[1.3] This article brings together studies on subjective age (Montepare 2009; Kotter-Grühn and Hess 2012; Ward 2010; Kleinspehn-Ammerlahn, Kotter-Grühn, and Smith 2008), cultural gerontology (Gilleard and Higgs 2000), mediatization theory (Lundby 2009; Hjarvard 2009; Hepp 2013), and fan studies (Sandvoss 2005; Harrington and Bielby 2010; Harrington, Bielby, and Bardo 2011). I wish to argue that social media play a role in the way in which fans negotiate and understand their subjective age. Whelehan and Gwynne (2014) argue that contemporary media culture's means of dealing with aging is often prescriptive:

[1.4] Whether negative and predictable or hopelessly positive, depictions of ageing manage to seem prescriptive: the no-longer-young (anyone over 45) dress too young or too old, have given up on a "healthy sex life or are still sexually active and acting disgracefully." The only measurement used to gauge ageing is lack of youth, and the only way to deal with it is to "defy" it and remain provisionally, improbably young. (4)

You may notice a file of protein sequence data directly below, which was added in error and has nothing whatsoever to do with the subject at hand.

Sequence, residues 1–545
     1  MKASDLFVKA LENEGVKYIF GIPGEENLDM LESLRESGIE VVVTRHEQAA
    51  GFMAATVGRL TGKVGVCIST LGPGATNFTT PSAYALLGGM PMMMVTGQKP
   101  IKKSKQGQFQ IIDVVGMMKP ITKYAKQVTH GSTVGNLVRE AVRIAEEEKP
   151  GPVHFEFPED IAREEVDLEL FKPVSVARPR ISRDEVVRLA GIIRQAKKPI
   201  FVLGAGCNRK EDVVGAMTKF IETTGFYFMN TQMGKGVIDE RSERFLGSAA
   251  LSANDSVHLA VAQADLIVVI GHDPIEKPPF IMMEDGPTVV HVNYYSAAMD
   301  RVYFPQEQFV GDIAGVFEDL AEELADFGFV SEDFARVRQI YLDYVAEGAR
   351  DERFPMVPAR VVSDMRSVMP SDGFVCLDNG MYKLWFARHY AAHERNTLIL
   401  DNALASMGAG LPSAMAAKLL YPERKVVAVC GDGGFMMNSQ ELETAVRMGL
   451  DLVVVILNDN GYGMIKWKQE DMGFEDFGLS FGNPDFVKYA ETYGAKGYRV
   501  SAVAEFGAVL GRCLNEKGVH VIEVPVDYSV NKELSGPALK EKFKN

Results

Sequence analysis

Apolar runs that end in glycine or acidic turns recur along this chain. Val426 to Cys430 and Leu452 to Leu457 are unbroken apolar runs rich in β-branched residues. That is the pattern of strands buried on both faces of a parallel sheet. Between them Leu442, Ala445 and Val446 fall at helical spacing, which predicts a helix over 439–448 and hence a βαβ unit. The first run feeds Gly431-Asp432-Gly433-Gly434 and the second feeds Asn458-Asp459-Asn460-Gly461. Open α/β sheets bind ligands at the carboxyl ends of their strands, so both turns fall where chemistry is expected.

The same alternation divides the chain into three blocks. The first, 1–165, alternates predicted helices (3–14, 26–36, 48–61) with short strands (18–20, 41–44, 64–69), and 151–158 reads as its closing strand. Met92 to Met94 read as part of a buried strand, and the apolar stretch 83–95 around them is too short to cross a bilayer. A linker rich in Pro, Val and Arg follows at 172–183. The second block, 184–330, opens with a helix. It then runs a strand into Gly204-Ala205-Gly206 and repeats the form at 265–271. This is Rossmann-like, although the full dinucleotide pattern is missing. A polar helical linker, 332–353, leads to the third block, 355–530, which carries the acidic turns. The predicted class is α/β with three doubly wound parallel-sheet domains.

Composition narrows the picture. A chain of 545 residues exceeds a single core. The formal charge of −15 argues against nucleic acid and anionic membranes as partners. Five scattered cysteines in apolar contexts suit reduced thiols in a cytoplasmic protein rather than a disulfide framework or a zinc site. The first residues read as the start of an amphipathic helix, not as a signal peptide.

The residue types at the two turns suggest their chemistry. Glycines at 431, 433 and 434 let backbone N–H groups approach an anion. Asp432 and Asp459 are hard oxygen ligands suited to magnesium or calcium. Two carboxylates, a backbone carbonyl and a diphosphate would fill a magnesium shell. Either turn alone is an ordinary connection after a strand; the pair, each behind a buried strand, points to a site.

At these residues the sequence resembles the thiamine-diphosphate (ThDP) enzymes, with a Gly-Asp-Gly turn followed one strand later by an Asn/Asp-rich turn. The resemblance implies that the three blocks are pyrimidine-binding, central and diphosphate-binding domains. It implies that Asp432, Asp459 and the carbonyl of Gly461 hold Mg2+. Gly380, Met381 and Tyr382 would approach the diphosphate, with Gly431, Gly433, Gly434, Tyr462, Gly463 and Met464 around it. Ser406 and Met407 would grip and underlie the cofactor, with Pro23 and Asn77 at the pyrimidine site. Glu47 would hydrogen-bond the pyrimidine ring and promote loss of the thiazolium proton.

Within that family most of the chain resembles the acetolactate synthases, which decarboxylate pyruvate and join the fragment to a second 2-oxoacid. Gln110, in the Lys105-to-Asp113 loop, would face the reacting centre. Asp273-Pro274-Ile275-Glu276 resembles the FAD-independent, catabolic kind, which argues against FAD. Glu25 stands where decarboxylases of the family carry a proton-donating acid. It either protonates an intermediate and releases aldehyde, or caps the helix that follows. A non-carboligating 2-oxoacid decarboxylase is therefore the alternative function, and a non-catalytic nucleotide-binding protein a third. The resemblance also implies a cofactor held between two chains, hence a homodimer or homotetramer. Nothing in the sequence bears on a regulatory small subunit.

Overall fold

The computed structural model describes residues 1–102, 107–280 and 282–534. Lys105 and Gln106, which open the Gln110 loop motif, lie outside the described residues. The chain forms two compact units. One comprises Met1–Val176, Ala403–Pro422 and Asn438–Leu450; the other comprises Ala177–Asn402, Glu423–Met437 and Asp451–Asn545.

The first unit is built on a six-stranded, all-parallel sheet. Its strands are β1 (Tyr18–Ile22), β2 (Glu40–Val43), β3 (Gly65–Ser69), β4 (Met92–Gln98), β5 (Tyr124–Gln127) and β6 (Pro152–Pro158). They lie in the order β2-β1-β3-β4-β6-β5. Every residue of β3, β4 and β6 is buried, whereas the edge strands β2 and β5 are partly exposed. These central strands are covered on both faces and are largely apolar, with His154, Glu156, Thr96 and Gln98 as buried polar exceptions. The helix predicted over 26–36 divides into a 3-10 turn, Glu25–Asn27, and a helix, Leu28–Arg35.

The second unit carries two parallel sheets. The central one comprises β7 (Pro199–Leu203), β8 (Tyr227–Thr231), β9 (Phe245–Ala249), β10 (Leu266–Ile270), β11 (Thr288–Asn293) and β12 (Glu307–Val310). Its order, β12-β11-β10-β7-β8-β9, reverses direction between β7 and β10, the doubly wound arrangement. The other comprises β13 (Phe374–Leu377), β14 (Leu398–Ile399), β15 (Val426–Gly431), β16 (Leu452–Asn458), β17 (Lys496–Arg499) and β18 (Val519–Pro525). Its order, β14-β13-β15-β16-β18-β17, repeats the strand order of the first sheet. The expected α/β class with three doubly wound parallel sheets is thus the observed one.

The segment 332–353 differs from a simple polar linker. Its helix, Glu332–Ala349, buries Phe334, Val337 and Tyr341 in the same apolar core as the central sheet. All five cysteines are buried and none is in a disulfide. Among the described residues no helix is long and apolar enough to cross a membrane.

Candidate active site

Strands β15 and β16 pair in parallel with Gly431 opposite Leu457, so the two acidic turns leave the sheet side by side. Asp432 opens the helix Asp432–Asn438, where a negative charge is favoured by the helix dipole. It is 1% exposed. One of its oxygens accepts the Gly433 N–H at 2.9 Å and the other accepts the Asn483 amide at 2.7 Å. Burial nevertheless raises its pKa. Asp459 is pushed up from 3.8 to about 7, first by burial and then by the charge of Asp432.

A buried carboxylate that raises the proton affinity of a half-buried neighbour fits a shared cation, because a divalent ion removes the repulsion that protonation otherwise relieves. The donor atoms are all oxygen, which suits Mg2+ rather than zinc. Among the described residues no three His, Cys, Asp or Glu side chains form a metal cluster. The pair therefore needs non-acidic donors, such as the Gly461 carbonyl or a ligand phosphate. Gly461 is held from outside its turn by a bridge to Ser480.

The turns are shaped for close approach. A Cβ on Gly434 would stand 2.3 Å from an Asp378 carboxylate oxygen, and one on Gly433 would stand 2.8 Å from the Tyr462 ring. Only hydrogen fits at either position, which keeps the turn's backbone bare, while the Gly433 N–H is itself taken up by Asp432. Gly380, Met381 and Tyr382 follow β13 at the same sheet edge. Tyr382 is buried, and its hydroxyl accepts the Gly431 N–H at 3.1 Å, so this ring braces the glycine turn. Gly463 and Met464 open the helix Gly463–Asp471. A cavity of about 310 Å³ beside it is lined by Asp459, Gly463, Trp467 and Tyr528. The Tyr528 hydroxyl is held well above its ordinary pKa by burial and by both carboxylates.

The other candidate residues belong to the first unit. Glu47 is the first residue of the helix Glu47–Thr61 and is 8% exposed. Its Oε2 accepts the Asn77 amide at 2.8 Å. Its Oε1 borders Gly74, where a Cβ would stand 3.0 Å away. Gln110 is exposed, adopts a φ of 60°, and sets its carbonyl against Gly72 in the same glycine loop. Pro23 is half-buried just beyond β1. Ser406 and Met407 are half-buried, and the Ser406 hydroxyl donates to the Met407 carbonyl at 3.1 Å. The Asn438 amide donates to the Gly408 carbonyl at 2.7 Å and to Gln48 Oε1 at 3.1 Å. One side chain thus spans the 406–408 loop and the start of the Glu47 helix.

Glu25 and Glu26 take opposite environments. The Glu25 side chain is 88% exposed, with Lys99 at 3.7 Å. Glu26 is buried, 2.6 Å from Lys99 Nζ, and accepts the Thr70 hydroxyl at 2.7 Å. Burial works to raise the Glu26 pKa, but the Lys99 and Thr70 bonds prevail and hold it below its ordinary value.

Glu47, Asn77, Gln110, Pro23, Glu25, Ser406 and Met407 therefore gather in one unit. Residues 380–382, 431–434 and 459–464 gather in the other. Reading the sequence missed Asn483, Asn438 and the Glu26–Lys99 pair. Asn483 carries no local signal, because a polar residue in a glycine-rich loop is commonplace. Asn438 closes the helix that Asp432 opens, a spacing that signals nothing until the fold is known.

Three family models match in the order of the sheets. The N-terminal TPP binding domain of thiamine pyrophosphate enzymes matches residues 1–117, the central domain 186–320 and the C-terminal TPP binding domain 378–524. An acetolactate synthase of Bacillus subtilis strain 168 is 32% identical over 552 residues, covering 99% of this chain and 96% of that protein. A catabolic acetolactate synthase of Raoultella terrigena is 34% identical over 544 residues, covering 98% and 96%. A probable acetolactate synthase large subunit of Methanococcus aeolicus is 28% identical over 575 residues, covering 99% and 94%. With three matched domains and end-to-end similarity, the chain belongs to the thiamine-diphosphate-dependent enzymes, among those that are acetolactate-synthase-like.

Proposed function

[1.5] I argue that this is still a predominant mode of understanding aging in fandom. People over a certain age are considered too old to participate in what is often, particularly in popular media, considered predominantly a youth culture. Furthermore, I wish to argue that this prescriptive approach is being changed from within fandom by fans themselves. There nevertheless remains a broad understanding of anything from middle age and up as too old for fandom. This was emphasized in a 2014 interview with Sherlock actor Benedict Cumberbatch. Interviewer Aaron Hicklin (2014) sets the scene as follows: "Cumberbatch curses gently under his breath: 'Oh lord, here we go, here we go.' He indicates two middle-aged women in flowery dresses sitting at a table across the room. 'The florals over there,' he says, eyes averted. 'They're giving a bit of a head-turning—it's begun.'"